The DAIBUTSU (Great Buddha) was completed in 1252. The original bronze image was sheltered within a wooden hall of immense dimensions, but the hall was subsequently destroyed in 1335 during a large storm. The hall was reconstructed, only to be blown down again during a typhoon in 1368. The fourth and final reconstruction of the hall remained standing until 1495, when an unprecedented tsunami washed away the structure but left the bronze image largely intact. The 26th abbot of the Great Head Temple Zojo-ji tried to have the lost hall rebuilt during his tenure, but the project was abandoned after his death in 1718. Since then, there have been no efforts to reconstruct the lost hall. The Giant Buddha sits in Kamakura, aged by time and the elements, staring out over the sea.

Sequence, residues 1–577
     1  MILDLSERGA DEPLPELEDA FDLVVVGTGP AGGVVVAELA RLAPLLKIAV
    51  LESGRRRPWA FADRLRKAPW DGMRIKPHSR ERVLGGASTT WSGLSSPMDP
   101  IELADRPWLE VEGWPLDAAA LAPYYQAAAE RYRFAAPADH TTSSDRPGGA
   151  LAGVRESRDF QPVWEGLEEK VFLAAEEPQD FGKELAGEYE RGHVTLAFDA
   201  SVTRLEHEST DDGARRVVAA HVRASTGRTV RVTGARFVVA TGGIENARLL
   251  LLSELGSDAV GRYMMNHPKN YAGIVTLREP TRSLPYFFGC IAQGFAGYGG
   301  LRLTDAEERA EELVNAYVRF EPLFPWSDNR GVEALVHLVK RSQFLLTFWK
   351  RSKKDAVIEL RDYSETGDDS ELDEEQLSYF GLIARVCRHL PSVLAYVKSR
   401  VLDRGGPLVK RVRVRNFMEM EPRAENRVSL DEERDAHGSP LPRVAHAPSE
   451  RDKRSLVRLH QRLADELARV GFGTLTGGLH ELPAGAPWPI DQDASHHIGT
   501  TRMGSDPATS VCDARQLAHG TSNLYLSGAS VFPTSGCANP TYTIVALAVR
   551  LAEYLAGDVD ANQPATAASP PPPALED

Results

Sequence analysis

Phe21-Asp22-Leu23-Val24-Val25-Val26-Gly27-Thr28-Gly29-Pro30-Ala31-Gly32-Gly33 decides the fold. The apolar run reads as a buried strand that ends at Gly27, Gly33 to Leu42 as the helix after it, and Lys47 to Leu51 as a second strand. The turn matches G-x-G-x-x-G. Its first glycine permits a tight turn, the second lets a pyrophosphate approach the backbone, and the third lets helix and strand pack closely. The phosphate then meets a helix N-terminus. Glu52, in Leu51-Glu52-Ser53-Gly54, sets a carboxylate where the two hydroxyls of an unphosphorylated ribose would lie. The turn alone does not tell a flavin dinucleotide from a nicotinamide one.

Jizo is believed to be a guardian deity of children. Grief-stricken parents who have experienced the loss of a child dedicate these statuettes and pray that God may protect their lost children's souls.
Kencho-Ji Temple originally comprised seven main buildings and 49 sub-temples, but most of these were destroyed in a series of fires during the 14th and 15th centuries. In the Tokugawa Era, however, the Zen master Takuan succeeded in restoring Kencho-Ji to much of its former splendor with the help of aid from the Shogunate. At present, the Kencho-Ji complex contains about 10 sub-temples and 10 other main buildings.